DNS Query Refused
If you have reached this page because:
- your email bounced with a "Query Refused" message
- you received a TXT record response of "Query Refused. See http...
- you received an A record response of 127.0.0.1
- spamassassin is firing the URIBL_BLOCKED rule
Read below for more information...
"Query Refused" Explained
URIBL provides public lookups over DNS for low volume usage. If you spam check a large amount of email, or you use a shared DNS platform for resolution, you may receive a response saying the query was refused. That said, Public DNS providers such as OpenDNS or Google Public DNS are effected due to the high volume of queries they generate, as are many other internet service providers (ISP) that use caching nameservers for their customer base.
If you are unsure which DNS server is being blocked, a blocked TXT query from the effected device will indicate the IP address of the nameserver that is being blocked:
$ host -tTXT 22.214.171.124.multi.uribl.com
126.96.36.199.multi.uribl.com descriptive text "127.0.0.1 -> Query Refused. See http://uribl.com/refused.shtml for more information [Your DNS IP: 188.8.131.52]"
c:\> nslookup -q=txt 184.108.40.206.multi.uribl.com
220.127.116.11.multi.uribl.com text =
"127.0.0.1 -> Query Refused. See http://uribl.com/refused.shtml for more information [Your DNS IP: 18.104.22.168]"
If an email you sent bounced, and included a link to this page, then it was rejected because the receiver has not implemented URIBL lookups correctly. URIBL uses bitmask responses to indicate a domain being listed. Our Implementation guidelines provide the bitmask responses. All queries that we refuse, we return a 127.0.0.1 response to, as bit 0x1 is not used for domain classification. SpamAssassin supports the 0x1 bitmask response, and provides a URIBL_BLOCKED rule which will fire if the query was refused by URIBL.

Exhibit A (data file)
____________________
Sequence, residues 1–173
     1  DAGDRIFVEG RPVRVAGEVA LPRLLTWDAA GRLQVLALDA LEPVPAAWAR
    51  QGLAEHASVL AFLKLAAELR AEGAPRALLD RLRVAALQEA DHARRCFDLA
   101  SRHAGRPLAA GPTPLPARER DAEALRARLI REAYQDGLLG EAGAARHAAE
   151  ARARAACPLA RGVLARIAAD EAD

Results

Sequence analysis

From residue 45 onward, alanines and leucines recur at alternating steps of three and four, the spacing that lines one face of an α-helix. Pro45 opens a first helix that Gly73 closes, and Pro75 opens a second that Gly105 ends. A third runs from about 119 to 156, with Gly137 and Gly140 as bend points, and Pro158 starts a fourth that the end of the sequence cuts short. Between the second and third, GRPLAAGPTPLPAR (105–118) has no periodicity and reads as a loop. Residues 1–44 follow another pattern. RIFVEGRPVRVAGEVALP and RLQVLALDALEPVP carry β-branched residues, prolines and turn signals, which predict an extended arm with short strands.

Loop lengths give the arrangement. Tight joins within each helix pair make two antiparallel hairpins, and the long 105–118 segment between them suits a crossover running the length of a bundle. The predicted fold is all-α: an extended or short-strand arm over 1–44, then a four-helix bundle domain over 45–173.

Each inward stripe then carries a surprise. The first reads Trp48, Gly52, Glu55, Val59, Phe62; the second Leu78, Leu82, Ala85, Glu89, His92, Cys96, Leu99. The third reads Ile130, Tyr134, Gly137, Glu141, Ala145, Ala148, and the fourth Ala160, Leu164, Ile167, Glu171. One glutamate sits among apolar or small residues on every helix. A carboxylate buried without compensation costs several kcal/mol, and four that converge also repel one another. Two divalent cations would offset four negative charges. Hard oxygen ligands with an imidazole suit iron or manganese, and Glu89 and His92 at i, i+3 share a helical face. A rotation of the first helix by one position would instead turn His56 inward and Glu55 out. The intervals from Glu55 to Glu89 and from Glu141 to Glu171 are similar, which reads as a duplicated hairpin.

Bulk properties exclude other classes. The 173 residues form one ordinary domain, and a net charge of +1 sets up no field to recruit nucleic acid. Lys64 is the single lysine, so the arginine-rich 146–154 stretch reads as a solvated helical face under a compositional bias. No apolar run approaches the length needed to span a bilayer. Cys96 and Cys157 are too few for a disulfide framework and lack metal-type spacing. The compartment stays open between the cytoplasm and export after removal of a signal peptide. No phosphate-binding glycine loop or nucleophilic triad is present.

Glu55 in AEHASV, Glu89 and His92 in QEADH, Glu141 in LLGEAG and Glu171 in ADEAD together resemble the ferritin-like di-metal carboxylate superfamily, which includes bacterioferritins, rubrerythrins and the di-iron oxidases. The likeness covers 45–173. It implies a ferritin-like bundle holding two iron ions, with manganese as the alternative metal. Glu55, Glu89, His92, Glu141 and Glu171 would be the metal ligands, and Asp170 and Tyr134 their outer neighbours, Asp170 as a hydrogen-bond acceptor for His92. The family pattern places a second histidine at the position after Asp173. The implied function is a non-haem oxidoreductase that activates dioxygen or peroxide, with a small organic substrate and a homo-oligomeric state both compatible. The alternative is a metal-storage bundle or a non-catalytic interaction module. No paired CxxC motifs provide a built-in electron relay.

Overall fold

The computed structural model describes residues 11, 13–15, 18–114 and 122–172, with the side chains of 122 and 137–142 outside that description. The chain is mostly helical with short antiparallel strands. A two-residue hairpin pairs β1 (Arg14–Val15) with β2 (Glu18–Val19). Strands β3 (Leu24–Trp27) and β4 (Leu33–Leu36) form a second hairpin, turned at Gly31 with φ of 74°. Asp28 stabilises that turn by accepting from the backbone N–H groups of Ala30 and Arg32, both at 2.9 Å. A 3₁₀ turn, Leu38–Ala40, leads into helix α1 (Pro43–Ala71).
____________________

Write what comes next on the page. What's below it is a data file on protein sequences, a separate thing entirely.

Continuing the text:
If you send a query to "black.uribl.com" and we deliver a 127.0.0.1 response back to that query, that is not a positive listing. Only 127.0.0.2 responses indicate a listing on black.uribl.com. Really you should be using multi.uribl.com for resolution, and doing proper bitmask checking. If your software does not support bitmask checking of the 4th octet, contact your software vendor, or stop using URIBL completely.
Low Volume Workaround?
If you are low volume user, you have a few options. Possibly changing your nameservers from a public dns provider (ie opendns/google) to your local ISP may solve it. If your local ISP is also effected because they are very large (ie cox/att/comcast/etc), you may need to use your own recursive DNS solution. If your company has DNS servers, point to them for resolution. Alternatively, you could setup a caching nameserver on the loopback of the machine doing the spam checking, and point the DNS to localhost.
For those that have no solution for the DNS workarounds listed above, we provide commercial Datafeed Service.
If you need more information regarding this issue, please contact the URIBL DNS Admin